Zelda, 25, chatted with NBC's Kate Snow on Thursday's "Today" show.
"It's going to take a lot of work to allow myself to have the sort of fun, happy life that I had, but that's important," she tells "Today" in regards to how she's coping just over six months after Robin's death. "Anybody who has ever lost anyone works very hard to continue that memory in a positive way."
Zelda got a hummingbird tattoo on her right hand in honor of her father and says the animal reminds her of his boisterous personality. "They're fun and flighty and strange It's hard to keep them in one place and dad was a bit like that," she says. "Keeping a conversation in one moment was impossible with him."
She says being around her dad was like putting a "bag around a storm and hoping it wouldn't blow away."
The actor/comedian's daughter also talked about how important it is to talk about mental health issues. Her father was vocal in both his comedy and his life about his battle with depression and addiction, and Zelda says that it was important for him to speak out about his struggles.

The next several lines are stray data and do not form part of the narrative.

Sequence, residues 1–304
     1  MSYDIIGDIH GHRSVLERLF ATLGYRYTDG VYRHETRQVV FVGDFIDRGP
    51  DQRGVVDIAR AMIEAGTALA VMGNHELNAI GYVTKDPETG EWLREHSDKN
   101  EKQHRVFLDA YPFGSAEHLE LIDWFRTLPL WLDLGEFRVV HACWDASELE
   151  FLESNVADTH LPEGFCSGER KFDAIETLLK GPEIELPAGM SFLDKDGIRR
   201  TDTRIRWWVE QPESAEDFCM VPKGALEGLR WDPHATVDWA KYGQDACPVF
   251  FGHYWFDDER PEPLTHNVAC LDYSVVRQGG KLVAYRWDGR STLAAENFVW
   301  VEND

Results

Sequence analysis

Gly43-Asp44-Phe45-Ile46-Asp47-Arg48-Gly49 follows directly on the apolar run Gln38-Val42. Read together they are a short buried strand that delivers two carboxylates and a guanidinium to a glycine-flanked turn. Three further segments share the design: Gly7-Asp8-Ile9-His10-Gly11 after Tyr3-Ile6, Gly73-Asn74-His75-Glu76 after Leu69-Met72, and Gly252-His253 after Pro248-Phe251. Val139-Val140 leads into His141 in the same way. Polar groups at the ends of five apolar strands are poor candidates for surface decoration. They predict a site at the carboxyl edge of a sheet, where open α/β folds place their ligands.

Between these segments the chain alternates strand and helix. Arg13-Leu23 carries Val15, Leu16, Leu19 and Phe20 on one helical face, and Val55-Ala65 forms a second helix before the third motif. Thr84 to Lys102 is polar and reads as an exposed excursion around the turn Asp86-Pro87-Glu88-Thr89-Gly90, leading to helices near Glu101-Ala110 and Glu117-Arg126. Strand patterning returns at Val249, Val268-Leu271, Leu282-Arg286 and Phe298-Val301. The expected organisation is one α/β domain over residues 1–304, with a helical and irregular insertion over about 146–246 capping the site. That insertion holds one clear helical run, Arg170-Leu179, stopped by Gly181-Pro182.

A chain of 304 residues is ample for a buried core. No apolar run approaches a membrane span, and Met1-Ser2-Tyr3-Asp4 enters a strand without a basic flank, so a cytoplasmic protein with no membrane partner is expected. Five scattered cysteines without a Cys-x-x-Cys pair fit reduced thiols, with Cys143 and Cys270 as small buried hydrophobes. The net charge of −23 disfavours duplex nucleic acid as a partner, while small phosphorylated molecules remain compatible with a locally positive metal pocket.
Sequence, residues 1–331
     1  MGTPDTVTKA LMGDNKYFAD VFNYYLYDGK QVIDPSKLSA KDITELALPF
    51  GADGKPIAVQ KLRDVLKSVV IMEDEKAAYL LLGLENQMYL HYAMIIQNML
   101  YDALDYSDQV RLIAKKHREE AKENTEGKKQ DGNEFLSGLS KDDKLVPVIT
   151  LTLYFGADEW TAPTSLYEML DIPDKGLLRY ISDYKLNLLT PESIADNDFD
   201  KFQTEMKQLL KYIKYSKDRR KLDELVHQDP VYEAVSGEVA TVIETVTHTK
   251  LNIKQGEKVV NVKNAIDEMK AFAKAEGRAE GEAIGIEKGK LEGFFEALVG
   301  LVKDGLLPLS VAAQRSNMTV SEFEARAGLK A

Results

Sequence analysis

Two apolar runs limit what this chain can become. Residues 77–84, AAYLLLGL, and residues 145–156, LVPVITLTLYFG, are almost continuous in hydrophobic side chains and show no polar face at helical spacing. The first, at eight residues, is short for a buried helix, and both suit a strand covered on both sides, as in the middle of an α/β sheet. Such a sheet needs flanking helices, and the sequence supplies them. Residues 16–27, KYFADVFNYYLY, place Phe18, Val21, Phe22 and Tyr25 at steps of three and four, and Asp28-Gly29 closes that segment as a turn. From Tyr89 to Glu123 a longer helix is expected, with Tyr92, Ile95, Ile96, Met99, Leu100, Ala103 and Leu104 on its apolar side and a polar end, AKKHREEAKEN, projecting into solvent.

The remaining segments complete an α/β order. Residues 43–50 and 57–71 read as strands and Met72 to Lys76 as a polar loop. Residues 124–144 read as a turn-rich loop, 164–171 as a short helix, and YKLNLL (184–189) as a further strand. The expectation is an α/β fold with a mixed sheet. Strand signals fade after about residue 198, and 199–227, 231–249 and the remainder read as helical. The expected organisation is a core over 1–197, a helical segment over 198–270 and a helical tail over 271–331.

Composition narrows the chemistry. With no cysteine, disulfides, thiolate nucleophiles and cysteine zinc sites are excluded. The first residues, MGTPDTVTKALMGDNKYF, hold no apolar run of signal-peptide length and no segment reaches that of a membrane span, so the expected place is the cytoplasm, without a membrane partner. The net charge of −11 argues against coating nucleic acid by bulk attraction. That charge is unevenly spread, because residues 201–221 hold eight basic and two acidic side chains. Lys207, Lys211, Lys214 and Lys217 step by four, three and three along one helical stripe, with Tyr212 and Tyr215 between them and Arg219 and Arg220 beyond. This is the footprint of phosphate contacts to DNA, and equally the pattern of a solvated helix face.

"It helped him not hide," she says, adding that her dad always wanted people to feel less alone. "If you have things that make you sad, express them to other people."
Zelda will accept the Noble Award on Friday that honors her father's humanitarian work, and his devotion to the Challenged Athlete Foundation, a charity that provides prosthetics to disabled athletes.
"There's no point questioning it and no point blaming anyone for it and there's no point blaming yourself or the world or whatever the case may be," she says of losing her father, "Because it happened and you have to continue to move and you have to continue to live and manage."
Robin Williams was found dead in his California home of a suicide at age 63.